Why do we perform Mastectomy?
Mastectomies are used for Following cancerous and non cancerous conditions :
- Non-invasive breast cancer – This cancer forms in the milk ducts but has not yet spread out into the rest of the breast tissue.
- Stages 1 and 2 – early stage breast cancer.
- Stage 3 – locally advanced breast cancer (after chemotherapy).
- Inflammatory breast cancer – an aggressive disease in which cancer cells block lymph vessels in the skin of the breast (mastectomy is only suitable after chemotherapy for this form of cancer).
- Paget’s disease of the nipple or breast – a rare type of cancer affecting the nipple.
- Locally recurrent breast cancer – cancer returning to the same breast.
- severe chronic breast pain
- fibrocystic breast disease
- dense breast tissue
- cancer phobia or a family history of breast cancer.
Types of mastectomy
Total (simple) mastectomy
- The surgeon removes the entire breast.
- The surgeon does not perform axillary lymph node dissection (removal of lymph nodes in the underarm area). Sometimes, however, lymph nodes are occasionally removed because they happen to be located within the breast tissue taken during surgery.
- No muscles are removed from beneath the breast.
Note: A simple or total mastectomy is appropriate for women with multiple or large areas of ductal carcinoma in situ (DCIS) and for women seeking prophylactic mastectomies — that is, breast removal in order to prevent any possibility of breast cancer occurring.
Both breasts are removed as a preventive measure; this is often used for high-risk patients who have specific genetic markers that make breast cancer more likely.
The entire breast, underarm lymph nodes, and chest wall muscles are removed.
Note: Radical mastectomy is recommended only when the breast cancer has spread to the chest muscles under the breast. Radical mastectomy is now rarely performed because in most cases, modified radical mastectomy has proven to be effective.
Modified radical mastectomy
The entire breast and underarm lymph nodes are removed, but the chest wall muscles are left intact.
Note: People with invasive breast cancer who decide to have mastectomies will receive modified radical mastectomies so that the lymph nodes can be examined. Examining the lymph nodes helps to identify whether cancer cells may have spread beyond the breast.
The breast tissue and nipple are removed, but the skin is left to reconstruct the breast in the same operation.
During nipple-sparing mastectomy, all of the breast tissue is removed, but the nipple is left alone.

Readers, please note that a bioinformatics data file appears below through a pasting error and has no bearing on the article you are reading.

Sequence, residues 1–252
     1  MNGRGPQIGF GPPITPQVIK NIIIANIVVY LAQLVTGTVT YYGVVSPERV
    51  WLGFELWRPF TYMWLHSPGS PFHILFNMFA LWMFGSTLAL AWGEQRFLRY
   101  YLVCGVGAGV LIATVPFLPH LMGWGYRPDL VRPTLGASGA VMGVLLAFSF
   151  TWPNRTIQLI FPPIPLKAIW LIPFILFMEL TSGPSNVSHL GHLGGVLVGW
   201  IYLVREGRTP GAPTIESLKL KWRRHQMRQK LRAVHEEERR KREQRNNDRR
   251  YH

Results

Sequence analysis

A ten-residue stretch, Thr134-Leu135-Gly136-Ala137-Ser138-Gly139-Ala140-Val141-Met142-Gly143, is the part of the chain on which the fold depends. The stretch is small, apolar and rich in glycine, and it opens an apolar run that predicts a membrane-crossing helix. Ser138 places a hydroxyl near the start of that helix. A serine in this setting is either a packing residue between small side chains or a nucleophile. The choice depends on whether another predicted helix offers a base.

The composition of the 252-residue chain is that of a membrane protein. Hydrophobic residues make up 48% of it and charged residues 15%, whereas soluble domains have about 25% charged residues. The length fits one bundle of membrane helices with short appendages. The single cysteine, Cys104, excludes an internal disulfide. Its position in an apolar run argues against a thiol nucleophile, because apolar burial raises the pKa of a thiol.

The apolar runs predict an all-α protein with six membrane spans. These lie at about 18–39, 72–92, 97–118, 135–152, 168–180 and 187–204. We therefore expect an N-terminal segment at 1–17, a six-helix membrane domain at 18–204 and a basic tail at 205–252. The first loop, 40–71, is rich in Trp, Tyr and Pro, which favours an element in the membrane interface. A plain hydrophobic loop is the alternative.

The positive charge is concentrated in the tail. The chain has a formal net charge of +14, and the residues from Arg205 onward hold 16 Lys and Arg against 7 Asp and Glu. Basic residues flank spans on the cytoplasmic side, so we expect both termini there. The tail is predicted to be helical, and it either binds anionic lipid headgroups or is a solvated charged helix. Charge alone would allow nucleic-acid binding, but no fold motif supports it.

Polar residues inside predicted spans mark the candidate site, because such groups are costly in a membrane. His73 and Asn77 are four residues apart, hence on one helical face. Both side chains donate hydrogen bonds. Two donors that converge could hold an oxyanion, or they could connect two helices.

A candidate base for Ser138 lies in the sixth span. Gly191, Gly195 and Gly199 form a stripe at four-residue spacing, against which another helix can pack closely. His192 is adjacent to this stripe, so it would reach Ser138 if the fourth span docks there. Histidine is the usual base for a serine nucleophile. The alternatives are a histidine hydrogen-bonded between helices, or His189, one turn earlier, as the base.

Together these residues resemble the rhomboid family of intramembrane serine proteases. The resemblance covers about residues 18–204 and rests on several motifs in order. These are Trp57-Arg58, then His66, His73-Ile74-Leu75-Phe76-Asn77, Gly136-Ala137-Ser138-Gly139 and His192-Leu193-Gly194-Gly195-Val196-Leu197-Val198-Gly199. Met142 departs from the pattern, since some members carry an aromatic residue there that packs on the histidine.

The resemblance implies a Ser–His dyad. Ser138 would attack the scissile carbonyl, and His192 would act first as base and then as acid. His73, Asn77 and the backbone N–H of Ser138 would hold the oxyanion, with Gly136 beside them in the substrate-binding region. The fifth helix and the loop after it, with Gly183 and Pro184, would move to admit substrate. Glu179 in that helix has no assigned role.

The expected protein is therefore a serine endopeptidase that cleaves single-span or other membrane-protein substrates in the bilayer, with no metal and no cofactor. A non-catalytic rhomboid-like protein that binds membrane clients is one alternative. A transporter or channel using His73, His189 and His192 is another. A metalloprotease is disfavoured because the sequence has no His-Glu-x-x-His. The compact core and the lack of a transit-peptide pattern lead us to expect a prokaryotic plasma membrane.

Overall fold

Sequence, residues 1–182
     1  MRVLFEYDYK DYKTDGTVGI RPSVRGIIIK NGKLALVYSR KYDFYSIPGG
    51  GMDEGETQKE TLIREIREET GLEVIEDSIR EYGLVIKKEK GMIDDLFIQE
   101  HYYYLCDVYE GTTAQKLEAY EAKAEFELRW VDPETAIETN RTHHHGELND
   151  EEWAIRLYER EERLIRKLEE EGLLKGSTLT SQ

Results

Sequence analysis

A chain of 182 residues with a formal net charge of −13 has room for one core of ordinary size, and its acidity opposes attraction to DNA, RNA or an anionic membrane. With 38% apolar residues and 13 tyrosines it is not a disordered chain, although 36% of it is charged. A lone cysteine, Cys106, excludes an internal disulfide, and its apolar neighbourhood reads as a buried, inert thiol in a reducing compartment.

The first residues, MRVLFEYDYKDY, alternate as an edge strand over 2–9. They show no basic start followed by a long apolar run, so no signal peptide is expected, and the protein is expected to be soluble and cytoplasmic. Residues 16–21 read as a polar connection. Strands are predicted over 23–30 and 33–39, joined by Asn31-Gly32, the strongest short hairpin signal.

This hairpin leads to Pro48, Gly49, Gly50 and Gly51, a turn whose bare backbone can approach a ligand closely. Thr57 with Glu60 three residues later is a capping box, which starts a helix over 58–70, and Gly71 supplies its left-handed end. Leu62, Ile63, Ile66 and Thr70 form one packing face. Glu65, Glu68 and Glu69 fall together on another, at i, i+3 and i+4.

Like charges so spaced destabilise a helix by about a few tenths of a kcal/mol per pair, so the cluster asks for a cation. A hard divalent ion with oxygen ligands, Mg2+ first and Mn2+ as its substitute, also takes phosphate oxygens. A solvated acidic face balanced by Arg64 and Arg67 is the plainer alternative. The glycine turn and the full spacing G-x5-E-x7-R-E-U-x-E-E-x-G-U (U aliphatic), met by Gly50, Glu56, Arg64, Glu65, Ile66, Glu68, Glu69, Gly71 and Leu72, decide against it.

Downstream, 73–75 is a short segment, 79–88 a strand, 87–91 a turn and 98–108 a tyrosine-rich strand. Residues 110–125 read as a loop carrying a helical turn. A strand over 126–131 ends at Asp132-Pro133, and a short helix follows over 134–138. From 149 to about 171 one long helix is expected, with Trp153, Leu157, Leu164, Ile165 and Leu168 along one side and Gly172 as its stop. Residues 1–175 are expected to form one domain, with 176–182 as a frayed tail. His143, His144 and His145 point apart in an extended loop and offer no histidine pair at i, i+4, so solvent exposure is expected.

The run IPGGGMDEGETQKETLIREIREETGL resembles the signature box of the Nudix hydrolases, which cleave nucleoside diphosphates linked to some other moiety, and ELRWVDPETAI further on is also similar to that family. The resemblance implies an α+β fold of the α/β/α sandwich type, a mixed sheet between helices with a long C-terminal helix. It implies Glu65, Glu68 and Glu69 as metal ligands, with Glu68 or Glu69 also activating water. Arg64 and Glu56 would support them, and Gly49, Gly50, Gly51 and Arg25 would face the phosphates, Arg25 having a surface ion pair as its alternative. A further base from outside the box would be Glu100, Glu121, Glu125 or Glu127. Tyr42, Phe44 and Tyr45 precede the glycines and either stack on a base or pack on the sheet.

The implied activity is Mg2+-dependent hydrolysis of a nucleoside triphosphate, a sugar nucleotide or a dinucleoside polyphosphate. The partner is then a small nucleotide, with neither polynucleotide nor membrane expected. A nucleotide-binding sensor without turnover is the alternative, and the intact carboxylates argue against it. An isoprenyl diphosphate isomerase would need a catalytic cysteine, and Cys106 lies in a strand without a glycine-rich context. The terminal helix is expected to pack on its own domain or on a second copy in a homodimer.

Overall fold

Mastectomy with and without breast reconstruction
- If patient choose to have breast reconstruction to help restore the look of the breast that was removed. Reconstruction may be done at the same time as the mastectomy (immediate With CPT 19340) or later (delayed CPT 19342).
- If patient choose immediate reconstruction, surgeons may use a special skin-sparing technique during the mastectomy. That saves much of the skin of the breast. The plastic surgeon can use this skin as an envelope to help form the reconstructed breast.
- Some women choose not to have reconstructive surgery or to do it later.When no reconstruction is planned, the surgeon will leave the area as flat as possible so a breast prosthesis can be comfortably fitted to the chest.
If patient don’t want to have reconstruction, Then breast prosthesis is better option. This is a breast form made of silicone gel, foam or other materials that is fitted to chest.
The pivot of coding mastectomy procedures is the amount of tissue removed and any other tissue that may be removed along with breast tissue.
- If the procedure is performed without axillary lymphadenectomy, then report with code 19301.
- If the axillary lymph nodes are removed along with the tumor, adequate normal breast tissue around the tumor, skin and lining of chest muscle then report with code 19302. .Do not report 19302 for removal of a few nodes. Further, code 19302 involves removal of lymph node between the pectoralis major and pectoralis minor muscles and axillary nodes.
- Removal of entire breast tissue, axillary lymph nodes, pectoral muscle and surrounding fatty tissue. Report with code 19305 for radical mastectomy including pectoral muscle and axillary lymph nodes.
- Removal of entire breast tissue, skin, axillary lymph nodes, internal mammary nodes and pectoral muscle. This type of mastectomy is also referred to as Urban operation. Report with code 19306 for radical mastectomy including pectoral muscle, axillary and internal mammary lymph nodes.
- Mastectomy procedures are unilateral procedures. To report bilateral performance, add modifier 50.
- Codes 38500, Biopsy or excision of lymph node(s); open, superficial and 38525, Biopsy or excision of lymph node(s); open, deep axillary node(s) should be reported for removal/sampling of few sentinel nodes without complete axillary dissection.
Example: A patient undergoes partial mastectomy of right breast for treatment of localized lesion suspected to be malignant. The physician removes three superficial sentinel nodes using an open approach. In this case, codes 19301- RT and 38500 should be reported for right partial mastectomy and removal of superficial sentinel nodes respectively.
- Reporting of axillary lymph node dissection during partial mastectomy (code 19302) does not depend on the incision made for axillary dissection but the extent of axillary node dissection. Axillary dissection through the same incision as partial mastectomy or through a different incision does not make any difference in the choice of code.
- Placement of fiducial marker is inclusive to code 19301, Mastectomy, partial (eg, lumpectomy, tylectomy, quadrantectomy, segmentectomy).